Wittgenstein’s late account of meaning

Marchesin, Marco (2021) Wittgenstein’s late account of meaning. Doctoral thesis, University of East Anglia.

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The thesis investigates Wittgenstein’s conception of meaning in the light of his late philosophical methodology. Against views which focus mainly – if not exclusively – on the claim that in the Philosophical Investigations meaning is generally conceived in terms of use, this thesis develops an alternative account of Wittgenstein’s conception of meaning that is consistent with Wittgenstein’s broader rejection of metalogical thinking. Metalogic is a recurrent concept in the writings of the early ‘30s and figures as a model of a philosophical methodology – ascribable mainly, but not only, to the Tractatus - that Wittgenstein wants resolutely to avoid in his late investigations of language. Among other concepts, meaning is denied being metalogical. In a nutshell, as metalogic consists in an attempt to ground any possible philosophical clarification in a set of definitions of privileged concepts able to outline the essence of language once and for all, it follows that it was not Wittgenstein’s aim to formulate a universal account of meaning to put as a foundation of any philosophical clarification of language. The thesis shows that the metalogical tendency to conceive Wittgenstein’s late philosophy in the light of such a universal account of what meaning must be in essential is a common feature of many influential interpretations of Wittgenstein, especially those that find Wittgenstein advancing a claim about meaning as rule-governed use. Gordon Baker and Peter Hacker’s commentary to the Investigations is a paradigmatic example of such a tendency. The thesis further argues that the rejection of metalogic works not only as an invitation to refuse to ascribe to Wittgenstein any claim about the rule-governed nature of meaning, but also consists of an opportunity to develop a pluralistic account of understanding and meaning, beyond and apart from the one based only and reductively on linguistic rules. As a consequence, the thesis shows that many themes in Wittgenstein’s late philosophy – such as the case of experience of meaning, understanding music and secondary uses of words, among many others – can be interpreted as an articulated and systematic attempt to substantiate such a pluralistic account of the grammar of our concept of meaning.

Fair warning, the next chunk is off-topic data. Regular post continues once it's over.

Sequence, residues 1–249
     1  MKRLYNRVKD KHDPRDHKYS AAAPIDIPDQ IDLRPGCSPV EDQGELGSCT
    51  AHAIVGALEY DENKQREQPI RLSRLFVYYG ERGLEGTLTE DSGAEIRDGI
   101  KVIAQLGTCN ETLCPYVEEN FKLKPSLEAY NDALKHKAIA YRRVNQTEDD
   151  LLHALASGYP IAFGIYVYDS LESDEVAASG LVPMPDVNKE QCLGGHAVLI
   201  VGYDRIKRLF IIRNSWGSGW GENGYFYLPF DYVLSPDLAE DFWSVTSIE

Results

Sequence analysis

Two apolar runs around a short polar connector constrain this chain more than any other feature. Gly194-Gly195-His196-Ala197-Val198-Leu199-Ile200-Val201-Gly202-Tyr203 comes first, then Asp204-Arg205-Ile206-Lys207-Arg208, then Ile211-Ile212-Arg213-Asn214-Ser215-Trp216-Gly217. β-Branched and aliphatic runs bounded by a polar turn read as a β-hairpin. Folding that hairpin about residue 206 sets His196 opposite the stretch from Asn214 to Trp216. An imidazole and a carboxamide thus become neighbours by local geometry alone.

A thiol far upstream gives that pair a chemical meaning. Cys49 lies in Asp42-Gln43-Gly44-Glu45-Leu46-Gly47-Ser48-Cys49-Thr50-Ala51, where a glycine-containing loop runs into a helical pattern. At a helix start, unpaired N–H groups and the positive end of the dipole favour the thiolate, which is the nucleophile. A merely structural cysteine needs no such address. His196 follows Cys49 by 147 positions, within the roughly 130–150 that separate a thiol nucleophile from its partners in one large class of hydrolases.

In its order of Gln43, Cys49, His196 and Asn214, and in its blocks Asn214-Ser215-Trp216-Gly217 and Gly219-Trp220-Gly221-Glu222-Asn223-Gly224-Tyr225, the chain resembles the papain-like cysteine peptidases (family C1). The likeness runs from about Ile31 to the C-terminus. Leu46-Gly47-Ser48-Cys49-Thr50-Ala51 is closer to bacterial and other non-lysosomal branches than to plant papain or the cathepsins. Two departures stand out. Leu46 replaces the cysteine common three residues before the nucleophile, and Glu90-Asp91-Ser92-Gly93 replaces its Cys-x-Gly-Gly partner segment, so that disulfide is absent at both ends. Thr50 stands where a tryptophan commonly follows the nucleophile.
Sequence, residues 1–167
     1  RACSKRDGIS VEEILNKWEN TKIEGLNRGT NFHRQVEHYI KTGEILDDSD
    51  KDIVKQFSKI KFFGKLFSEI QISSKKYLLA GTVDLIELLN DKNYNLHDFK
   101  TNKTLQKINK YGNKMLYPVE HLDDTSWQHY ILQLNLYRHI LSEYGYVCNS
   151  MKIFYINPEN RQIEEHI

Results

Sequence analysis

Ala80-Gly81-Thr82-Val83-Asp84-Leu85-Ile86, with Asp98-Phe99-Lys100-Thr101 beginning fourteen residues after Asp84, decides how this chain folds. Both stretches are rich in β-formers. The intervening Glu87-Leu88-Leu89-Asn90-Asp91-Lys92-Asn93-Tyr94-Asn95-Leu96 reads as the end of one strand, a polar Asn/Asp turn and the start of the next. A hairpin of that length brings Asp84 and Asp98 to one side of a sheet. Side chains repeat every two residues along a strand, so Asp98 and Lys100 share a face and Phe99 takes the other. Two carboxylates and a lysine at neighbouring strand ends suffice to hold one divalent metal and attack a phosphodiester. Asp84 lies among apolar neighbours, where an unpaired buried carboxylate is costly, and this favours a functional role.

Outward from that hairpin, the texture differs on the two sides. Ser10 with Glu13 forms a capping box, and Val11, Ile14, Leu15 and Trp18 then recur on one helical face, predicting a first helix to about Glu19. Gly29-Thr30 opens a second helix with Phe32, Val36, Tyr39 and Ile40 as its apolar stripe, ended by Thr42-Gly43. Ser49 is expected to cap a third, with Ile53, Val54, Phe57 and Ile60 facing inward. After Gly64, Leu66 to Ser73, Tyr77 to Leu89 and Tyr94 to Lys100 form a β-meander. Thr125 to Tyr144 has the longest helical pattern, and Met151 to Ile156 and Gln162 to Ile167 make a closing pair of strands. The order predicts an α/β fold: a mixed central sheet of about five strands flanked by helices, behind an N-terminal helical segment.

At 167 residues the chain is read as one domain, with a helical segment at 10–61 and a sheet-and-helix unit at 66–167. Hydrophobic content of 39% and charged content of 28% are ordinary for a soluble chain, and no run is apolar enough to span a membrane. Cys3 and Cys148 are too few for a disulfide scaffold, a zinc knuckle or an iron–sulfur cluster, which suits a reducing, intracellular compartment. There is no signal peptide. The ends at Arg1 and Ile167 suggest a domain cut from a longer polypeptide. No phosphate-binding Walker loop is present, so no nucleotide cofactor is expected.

Item Type: Thesis (Doctoral)
Faculty \ School: Faculty of Arts and Humanities > School of Political, Social and International Studies
Depositing User: Nicola Veasy
Date Deposited: 28 Mar 2022 10:25
Last Modified: 28 Mar 2022 10:25
URI: https://ueaeprints.uea.ac.uk/id/eprint/84304

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